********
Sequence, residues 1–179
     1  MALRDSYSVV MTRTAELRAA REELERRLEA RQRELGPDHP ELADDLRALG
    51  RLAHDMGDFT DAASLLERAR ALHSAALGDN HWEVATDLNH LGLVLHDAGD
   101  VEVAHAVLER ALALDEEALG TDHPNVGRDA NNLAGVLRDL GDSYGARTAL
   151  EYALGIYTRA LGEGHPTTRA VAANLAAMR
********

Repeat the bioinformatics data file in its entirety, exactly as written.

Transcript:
Sequence, residues 1–179
     1  MALRDSYSVV MTRTAELRAA REELERRLEA RQRELGPDHP ELADDLRALG
    51  RLAHDMGDFT DAASLLERAR ALHSAALGDN HWEVATDLNH LGLVLHDAGD
   101  VEVAHAVLER ALALDEEALG TDHPNVGRDA NNLAGVLRDL GDSYGARTAL
   151  EYALGIYTRA LGEGHPTTRA VAANLAAMR